Confusion-less - How to Japanese - December 2021
This is How to Japanese, a monthly newsletter with something about Japan/Japanese and a dash of いろいろ.
日本・日本語： No Doubts
Happy Holidays to everyone out there. I hope this email finds you…existing.
Unfortunately it finds me on the wrong side of the Pacific Ocean. My planned December 1 arrival to Japan was 31 hours and 15 minutes too late. It’s definitely a disappointment, but I didn’t have my life thrown into disarray like some of my classmates—I just slept in, unpacked my bags, and restocked all the groceries I threw out—so I can’t complain too much.
At any rate, it’s a confusing time for everyone, and I’m not immune to confusion, despite having achieved the substantial age that in Japanese (and Chinese?) is marked by its supposed lack of confusion: 不惑 (fuwaku, 40 years old).
I may or may not be responsible for this segment on Higashimura Akiko’s podcast (from the 38:28 mark):
She invents the word エーフー (ēfū) as an abbreviation of the very silly エイティハーフ (lit. “eighty half”), but she also provided what I was really looking for: an easy alternative to admitting I’m now middle-aged. 不惑 comes via Confucius’s Analects (論語). Here’s the full quote in Japanese translated from kanbun via Wikisource, with links to the reading and meaning for each section from Kotobank:
故事ことわざ辞典 provides this modern translation that’s easier to understand:
And you can find an English translation from the Chinese Text Project:
The Master said, "At fifteen, I had my mind bent on learning. At thirty, I stood firm. At forty, I had no doubts. At fifty, I knew the decrees of Heaven. At sixty, my ear was an obedient organ for the reception of truth. At seventy, I could follow what my heart desired, without transgressing what was right."
Each age is then further simplified into these easy-to-use compounds:
志学 (shigaku) - 15 years old
而立 (jiritsu) - 30 years old
不惑 (fuwaku) - 40 years old
知命 (chimei) - 50 years old
耳順 (jijun) - 60 years old
従心 (jūshin) - 70 years old
I wrote about 還暦 (kanreki) for the JT last year and いい年 (ii toshi) earlier this year, but I was not familiar with any of these age-related phrases. They’re a fun way to add some color to your vocabulary. And it’s a bit of a relief, to be honest. I’ve still got 10 years to figure out the decrees of Heaven.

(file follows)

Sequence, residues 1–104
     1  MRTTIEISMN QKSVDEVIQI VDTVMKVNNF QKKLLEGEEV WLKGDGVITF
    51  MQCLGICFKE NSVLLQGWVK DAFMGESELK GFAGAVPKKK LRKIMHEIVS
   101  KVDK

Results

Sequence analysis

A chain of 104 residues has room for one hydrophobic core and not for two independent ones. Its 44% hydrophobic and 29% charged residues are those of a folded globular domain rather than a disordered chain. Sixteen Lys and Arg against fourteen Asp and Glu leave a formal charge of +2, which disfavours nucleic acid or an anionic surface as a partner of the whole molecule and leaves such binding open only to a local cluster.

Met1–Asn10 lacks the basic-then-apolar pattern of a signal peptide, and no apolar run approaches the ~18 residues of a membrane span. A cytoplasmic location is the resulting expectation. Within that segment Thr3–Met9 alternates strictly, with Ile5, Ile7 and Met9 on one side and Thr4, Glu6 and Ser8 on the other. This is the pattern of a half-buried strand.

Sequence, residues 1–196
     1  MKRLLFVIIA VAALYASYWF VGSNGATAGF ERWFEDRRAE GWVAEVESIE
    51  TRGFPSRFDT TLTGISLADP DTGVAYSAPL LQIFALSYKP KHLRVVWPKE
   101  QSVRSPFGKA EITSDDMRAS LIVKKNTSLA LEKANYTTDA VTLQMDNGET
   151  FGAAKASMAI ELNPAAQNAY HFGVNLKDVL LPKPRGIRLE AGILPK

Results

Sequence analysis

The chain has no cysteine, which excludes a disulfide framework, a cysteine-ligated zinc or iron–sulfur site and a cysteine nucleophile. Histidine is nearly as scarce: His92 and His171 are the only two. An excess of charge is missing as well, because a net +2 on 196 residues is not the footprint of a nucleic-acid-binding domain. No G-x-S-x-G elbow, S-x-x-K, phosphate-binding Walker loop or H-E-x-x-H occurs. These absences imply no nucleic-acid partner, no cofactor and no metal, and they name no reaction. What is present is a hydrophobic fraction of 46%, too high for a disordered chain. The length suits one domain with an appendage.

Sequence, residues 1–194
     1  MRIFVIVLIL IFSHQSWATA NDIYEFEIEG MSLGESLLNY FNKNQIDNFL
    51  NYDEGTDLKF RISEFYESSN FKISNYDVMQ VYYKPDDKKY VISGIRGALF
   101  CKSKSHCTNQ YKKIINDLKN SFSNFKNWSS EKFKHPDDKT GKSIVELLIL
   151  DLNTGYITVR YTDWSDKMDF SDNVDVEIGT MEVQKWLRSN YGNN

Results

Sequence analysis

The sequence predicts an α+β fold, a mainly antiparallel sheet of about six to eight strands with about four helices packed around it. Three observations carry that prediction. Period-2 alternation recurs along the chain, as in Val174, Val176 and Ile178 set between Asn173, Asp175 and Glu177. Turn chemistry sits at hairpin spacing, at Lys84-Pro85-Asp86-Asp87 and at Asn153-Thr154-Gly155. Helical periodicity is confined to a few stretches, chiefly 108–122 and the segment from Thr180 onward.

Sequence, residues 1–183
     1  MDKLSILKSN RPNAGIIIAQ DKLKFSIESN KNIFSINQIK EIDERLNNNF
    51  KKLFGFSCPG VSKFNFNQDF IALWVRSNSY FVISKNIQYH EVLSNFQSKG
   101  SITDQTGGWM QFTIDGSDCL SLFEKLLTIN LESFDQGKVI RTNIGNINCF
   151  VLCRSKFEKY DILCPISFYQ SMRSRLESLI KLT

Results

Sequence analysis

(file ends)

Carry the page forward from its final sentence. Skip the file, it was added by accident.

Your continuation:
On a separate note, 四十路 (yosoji) is the other term that Higashimura-sensei briefly suggests. This website has a nice explanation and also includes these 40-related words: 壮年 (sōnen, prime of life), 中年 (chūnen, middle age), and 初老 (shorō, near-elderly).
I stumbled across a link to Murakami’s “Murakami Radio” broadcasts on NicoVideo while searching for either a Beatles song or something about Murakami—I can no longer remember which, and it could’ve been something else entirely. Whatever the case, it’s been very strange to hear extended stretches of Murakami’s voice in Japanese. I think nearly every broadcast is online. Check out the link I shared in the tweet below, which is the second page of search results, thus giving you easy access to the first episode. I'll include some other tweets with commentary.Just discovered my study music for the next 28+ hours - all the Murakami Radio recordings are up on Nico Video.Episode 5 of "Murakami Radio" from around the 17:00 mark has a nice long quotation from Hard-Boiled Wonderland, and Murakami discusses the multiple endings (he says three!) he wrote. He says he doesn't remember the other versions.Murakami Radio Episode 6, around the 24:00 min mark: He talks about living in Europe and listening to the White Album (one of the few tapes he brought on the trip) while fishing for small fry for the local cats. This partially inspired Norwegian Wood.
Apparently the National Diet Library 食堂 (shokudō, cafeteria) is near and dear to many people. This is the response to last month’s newsletter:
Welcome and thank you to all new subscribers. I can guarantee that future content will be as obscure as last month’s, but I cannot guarantee it will reverberate as nostalgically.
This was a really interesting read:
Nagasawa, the dictionary blogger who wrote about the National Diet Library, has a post comparing a dozen or so definitions of けもの vs けだもの to triangulate the difference between the terms. It highlights why it's important to check a Japanese dictionary somewhat regularly, even when you're translating into English.
The results for this year's 創作漢字コンテスト (Created Kanji Contest) are online!